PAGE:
And then, with two minutes left to go and a lovely but confused audience to entertain, I Quantum Leapt into my own body. Oh frickin’ boy, indeed.

I flim-flammed through, relying more on gurning and stupid gesturing to get laughs than what I had wroted. My material came to a close. Time to go. Of course, what I had forgotten to do was start my watch, so I had no idea how long I had done. Now, I could have looked at the MC and just asked him how long I’d done. It was a new material night, there’s no shame in doing it. However, for some reason I was petrified of both meeting his eye and leaving the stage before my five minutes were up. So, despite the fact that it hadn’t gone brilliantly and despite the fact that I had prided myself on writing a tight five minutes (HA HA HA), I decided to carry on and move onto a completely different five minute set.

However, a minute into this I was struck with the horrific realisation that it was entirely possible that I had been onstage for WEEKS. Desperate to avoid the ignominy of the poor MC having to cut me down, I stopped mid-sentence, and said ‘yeah, I’ll stop there’ and walked off.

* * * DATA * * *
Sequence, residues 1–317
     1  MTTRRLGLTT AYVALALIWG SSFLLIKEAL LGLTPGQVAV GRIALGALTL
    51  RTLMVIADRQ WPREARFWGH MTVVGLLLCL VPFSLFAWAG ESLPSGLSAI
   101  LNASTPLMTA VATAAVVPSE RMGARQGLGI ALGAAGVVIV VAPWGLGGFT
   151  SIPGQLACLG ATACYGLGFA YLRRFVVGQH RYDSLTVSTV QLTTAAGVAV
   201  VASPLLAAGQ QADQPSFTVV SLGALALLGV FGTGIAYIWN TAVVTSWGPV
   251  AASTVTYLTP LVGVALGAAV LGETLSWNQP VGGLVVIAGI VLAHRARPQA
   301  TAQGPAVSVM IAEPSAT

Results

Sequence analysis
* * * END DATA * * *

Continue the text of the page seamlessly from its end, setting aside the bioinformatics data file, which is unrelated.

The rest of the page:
And CLAPPED MYSELF OFF.

Jesus. Shitting. Christ.

But it’s done. There were some laughs and all that but I genuinely can’t remember much about it. In future, I will be recording myself and I may even put it online for you to laugh at (in a mean way). You lucky devils.

Anyway, that’s that. I’m performing again Thursday (13th). I’ll be doing five minutes about The Lion, The Witch and The Wardrobe (topical). I’ll tell you all about it on this here blog soon.

Huge thanks to Dan Green, the MC for the evening, for giving me my first chance onstage and for the words of advice afterwards.


So, performing stand-up comedy for the first time is very much like losing your virginity (IT IS ALRIGHT). It is (and you are) not as you good as you thought it/you would be. It doesn’t live up to your months of daydreams. It's a bit weird and boring. But it’s not all that terrifying. And, hey, even if you fucked up, someone somewhere is going to let you have another go. Right? RIGHT?

Right?